Suffice it to say, my friend and I sat in our seats at the end of the movie and we both said ‘WTF?’

  • Film (Re)View – The Strangers, Prey at Night

    This sequel has been a long time coming and I can honestly say that I wasn’t disappointed. Rather than being a typical slasher flick – all horror and no terror – the filmmakers really thought about what they were doing with this.

    The movie follows a family who go to stay at a relative’s holiday trailer park, en route to taking their rebellious daughter to boarding school. A note left in the reception, written in a childish hand with a smiley face at the bottom, is a massive clue as to something being amiss, yet it is missed by Cindy, the mother.

    Family time goes south and Kinsey, the daughter, stomps out, with her brother Luke sent to ‘talk’ to her. It doesn’t take the siblings long to find out why their aunt and uncle weren’t there to welcome them.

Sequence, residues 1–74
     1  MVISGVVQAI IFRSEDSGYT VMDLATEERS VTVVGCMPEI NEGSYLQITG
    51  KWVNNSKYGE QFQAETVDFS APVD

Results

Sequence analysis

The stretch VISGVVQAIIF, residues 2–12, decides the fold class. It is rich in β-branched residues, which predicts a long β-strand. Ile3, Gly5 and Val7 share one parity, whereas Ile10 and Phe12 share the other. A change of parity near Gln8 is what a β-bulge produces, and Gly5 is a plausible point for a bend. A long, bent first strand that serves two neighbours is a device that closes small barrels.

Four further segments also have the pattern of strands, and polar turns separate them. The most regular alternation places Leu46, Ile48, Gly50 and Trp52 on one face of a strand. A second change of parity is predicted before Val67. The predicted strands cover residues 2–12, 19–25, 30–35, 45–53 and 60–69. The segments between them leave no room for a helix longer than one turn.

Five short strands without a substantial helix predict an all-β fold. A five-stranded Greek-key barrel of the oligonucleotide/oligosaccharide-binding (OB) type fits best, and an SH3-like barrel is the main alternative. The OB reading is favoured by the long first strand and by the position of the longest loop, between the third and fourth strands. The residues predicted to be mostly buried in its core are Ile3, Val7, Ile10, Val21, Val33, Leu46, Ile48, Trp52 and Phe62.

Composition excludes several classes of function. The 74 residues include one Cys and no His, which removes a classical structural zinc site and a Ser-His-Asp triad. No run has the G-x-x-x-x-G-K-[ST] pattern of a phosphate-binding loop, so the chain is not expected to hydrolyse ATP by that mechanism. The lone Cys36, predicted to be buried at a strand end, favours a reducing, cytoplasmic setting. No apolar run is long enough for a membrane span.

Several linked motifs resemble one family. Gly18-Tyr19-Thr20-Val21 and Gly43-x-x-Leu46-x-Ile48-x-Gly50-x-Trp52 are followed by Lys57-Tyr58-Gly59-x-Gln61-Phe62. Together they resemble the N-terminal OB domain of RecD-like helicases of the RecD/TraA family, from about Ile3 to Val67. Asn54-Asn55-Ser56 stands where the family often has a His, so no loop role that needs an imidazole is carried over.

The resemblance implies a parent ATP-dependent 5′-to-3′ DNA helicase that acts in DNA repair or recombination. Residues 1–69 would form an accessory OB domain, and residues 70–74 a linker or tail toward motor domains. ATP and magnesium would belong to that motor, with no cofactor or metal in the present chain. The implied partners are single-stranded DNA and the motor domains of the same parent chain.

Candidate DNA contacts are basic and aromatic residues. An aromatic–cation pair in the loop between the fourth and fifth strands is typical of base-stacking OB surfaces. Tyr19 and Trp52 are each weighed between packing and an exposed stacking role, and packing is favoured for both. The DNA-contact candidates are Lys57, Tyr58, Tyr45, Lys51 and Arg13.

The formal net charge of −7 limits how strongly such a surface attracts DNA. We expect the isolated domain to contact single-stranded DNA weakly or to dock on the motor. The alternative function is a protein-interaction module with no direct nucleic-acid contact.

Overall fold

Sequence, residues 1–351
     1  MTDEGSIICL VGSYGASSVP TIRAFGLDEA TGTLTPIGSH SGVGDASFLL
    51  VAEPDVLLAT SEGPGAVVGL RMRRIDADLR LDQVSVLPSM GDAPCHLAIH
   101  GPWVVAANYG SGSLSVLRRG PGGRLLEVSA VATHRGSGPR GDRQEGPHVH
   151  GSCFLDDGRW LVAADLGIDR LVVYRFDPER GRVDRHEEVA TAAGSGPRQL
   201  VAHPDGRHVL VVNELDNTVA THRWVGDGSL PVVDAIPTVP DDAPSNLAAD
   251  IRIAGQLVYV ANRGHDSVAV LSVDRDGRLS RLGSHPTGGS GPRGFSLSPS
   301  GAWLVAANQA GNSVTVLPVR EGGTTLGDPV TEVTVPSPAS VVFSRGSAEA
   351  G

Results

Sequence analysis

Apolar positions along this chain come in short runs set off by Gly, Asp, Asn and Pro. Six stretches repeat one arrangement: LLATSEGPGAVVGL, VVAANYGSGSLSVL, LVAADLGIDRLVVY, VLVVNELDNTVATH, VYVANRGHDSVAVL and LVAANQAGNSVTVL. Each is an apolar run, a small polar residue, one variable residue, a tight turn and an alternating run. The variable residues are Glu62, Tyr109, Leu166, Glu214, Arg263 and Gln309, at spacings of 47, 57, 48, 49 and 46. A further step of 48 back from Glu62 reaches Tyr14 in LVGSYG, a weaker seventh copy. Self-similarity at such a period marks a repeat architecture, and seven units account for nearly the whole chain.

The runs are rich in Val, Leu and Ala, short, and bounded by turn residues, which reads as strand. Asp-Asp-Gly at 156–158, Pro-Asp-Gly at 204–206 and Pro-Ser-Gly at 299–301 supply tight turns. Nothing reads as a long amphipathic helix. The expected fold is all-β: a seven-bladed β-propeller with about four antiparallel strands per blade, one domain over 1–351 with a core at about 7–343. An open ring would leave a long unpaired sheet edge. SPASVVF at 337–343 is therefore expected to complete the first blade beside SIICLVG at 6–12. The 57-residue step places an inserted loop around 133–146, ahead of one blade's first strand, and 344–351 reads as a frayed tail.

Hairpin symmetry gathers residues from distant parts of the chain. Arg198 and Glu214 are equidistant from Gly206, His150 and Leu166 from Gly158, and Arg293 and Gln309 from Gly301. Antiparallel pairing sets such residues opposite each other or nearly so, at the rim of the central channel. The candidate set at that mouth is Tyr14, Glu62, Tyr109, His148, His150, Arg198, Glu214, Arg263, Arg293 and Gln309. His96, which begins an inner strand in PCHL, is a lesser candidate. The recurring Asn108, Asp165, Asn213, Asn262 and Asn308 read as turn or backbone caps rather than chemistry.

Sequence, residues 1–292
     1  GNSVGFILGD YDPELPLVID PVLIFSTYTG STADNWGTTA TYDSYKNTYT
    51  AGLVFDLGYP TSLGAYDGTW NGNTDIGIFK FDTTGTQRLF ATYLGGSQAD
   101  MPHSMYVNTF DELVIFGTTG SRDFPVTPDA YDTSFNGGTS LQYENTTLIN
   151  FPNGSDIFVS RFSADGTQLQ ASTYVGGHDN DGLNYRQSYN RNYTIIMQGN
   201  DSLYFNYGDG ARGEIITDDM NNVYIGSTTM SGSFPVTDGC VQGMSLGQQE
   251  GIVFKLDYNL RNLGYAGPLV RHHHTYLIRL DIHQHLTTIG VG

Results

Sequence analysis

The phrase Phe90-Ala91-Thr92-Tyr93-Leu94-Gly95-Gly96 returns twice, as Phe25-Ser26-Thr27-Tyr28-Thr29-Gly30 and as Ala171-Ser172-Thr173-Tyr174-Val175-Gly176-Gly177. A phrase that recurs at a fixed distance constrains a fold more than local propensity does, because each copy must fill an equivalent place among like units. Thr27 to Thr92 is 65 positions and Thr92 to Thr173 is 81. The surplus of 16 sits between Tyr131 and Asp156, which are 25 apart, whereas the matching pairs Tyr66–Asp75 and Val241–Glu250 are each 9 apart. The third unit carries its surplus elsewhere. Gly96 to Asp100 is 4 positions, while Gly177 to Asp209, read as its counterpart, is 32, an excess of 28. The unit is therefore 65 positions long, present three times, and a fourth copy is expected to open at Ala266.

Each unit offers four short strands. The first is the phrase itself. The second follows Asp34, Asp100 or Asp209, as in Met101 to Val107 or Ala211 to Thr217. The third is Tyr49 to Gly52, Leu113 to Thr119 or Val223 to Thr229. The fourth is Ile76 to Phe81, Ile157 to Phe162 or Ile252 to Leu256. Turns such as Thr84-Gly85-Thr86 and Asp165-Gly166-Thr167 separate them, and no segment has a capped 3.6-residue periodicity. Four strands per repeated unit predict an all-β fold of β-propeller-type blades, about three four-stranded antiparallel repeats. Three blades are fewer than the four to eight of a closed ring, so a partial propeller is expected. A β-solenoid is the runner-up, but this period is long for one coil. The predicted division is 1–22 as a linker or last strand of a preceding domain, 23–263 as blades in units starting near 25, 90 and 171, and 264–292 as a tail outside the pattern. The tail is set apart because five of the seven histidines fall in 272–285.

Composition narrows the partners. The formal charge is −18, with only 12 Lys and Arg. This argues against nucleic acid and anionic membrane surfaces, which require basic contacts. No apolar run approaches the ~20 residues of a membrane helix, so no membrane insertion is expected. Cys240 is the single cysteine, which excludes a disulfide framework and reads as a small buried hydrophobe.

With the kids gone, mum and dad think they might get some alone time, when there is a knock at the door. This is the second time that evening AND it is the same girl asking for the same person. Needless to say, all hell breaks loose soon after.

    Remember how I said this isn’t a typical slasher movie? The reason for this is that the filmmakers have taken time to weave the web of fear into the cast and audience alike. The members of the family are stalked and terrorised by the three masked assailants, and are are picked off one by one.

    All good horror movies need the right mix of terror and horror for them to be successful. Terror is the emotional build up – the racing heart, clammy skin, shallow breathing etc – and the horror is the release – the scream, the running away, the fighting back. You can’t have one without the other if you want a horror film to be successful.

    Many slasher films don’t spend much time on the build up of terror, it is all about the body count and the blood spillage. This movie changed that, by having a small cast terrorised by The Strangers. Well done filmmakers!